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Too dry to try!

Chief cautions against outdoor burning

News Staff Writer

Atmore Fire Chief Ron Peebles doesn’t know just when it’s coming. But the veteran firefighter is sure that it is coming.
While no official drought declaration or burn ban has been issued or implemented by state fire officials, Peebles has seen his share of the grass and field fires that get out of hand each year or those that are intentionally or carelessly set.
He’s also seen his share of controlled outdoor fires that send passersby into a mild panic.
“Knock on wood, we haven’t had a real outdoor fire yet,” said the fire chief, who added that AFD units have been dispatched several times in recent weeks to reported outdoor fires, only to find each time that the blaze was under the control of an individual or group. “Most of the calls have been false alarms, controlled burns that didn’t look controlled to the people who see smoke or flames and assume it’s a wildfire or a grass fire.”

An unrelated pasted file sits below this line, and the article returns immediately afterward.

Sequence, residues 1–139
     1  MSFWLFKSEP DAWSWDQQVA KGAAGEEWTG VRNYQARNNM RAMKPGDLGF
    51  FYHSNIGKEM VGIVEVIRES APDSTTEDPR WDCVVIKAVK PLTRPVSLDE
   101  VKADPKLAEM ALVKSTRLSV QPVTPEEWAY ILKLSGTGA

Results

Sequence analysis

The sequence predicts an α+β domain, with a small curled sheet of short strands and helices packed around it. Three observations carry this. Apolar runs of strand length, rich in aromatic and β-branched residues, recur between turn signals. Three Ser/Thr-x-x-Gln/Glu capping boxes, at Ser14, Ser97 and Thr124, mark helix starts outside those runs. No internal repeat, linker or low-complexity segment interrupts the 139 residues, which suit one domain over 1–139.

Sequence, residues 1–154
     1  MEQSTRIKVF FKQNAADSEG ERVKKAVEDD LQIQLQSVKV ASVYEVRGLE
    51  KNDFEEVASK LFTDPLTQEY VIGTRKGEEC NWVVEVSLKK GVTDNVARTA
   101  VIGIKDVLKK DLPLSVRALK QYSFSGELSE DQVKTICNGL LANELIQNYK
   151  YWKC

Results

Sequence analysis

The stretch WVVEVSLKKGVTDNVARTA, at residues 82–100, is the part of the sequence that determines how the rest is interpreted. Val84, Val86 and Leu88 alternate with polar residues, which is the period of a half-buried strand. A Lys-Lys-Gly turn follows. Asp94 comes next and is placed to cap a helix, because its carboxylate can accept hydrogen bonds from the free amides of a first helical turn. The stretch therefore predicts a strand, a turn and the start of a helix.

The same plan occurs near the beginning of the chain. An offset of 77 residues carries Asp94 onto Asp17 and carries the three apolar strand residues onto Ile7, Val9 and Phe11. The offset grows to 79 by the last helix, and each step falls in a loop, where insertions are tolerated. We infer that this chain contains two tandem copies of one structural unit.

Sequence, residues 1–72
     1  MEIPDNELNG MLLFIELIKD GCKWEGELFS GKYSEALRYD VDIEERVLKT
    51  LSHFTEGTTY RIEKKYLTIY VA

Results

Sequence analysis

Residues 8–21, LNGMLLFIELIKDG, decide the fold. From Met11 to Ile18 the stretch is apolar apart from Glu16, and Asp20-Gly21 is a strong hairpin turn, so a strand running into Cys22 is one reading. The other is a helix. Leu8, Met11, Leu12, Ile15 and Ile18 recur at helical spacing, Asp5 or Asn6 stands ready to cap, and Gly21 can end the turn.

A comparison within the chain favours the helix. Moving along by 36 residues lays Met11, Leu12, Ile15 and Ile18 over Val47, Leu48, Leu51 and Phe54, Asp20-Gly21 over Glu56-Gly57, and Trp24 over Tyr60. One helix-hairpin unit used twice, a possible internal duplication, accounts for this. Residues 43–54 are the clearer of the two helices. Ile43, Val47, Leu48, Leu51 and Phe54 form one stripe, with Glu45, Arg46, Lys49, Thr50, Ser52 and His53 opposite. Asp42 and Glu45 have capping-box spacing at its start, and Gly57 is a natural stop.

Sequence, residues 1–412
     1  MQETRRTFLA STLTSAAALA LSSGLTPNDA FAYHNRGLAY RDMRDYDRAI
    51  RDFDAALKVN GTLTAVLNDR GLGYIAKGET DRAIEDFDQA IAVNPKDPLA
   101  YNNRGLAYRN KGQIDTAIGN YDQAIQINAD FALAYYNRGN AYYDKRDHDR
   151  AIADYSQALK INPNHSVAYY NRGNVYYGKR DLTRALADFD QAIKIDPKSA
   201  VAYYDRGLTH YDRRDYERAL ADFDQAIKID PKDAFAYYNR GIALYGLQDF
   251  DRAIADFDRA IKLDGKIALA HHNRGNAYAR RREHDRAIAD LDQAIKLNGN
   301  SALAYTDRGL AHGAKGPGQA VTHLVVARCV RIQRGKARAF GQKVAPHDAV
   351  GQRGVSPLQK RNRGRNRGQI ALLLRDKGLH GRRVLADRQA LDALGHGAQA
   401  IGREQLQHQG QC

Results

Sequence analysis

He pointed out that such calls tie up resources that might be needed on the other side of the county.
“Last Friday, we got a call about a field fire just outside of town,” Peebles said. “We looked all over Old Bratt Road until we finally found it, and it was somebody burning debris.”
Despite any official action at the state level, Atmore’s top fire official urged residents of the city and its outlying areas to refrain from doing any outdoor burning, at least until the area is blessed with a measurable amount of rainfall.
“People don’t need to burn anything outside until we get some significant rainfall, and I don’t mean just one thunderstorm,” said Peebles. “So far, in the last month, there’s been none to mention.”
According to www.weather.gov, Escambia County received only a trace amount of rain during May, except on seven days when at least a quarter inch was measured in some parts of the county. The majority of the month’s precipitation fell within a four-day period, from May 10 to 13.
Peebles said residents need to take note of how scarce rainfall has been, because there’s another thing he feels pretty sure is going to happen.
“Right now, that green grass will burn,” he said, pointing to the lawn outside AFD Station 1. “I just ask that people, if they would, refrain from burning anything outside until we have a couple of days of wet weather. We’re not under a fire ban, but we’re close.”
The area may get some relief due to a tropical disturbance in the Gulf that is expected to bring rain toward the end of the week.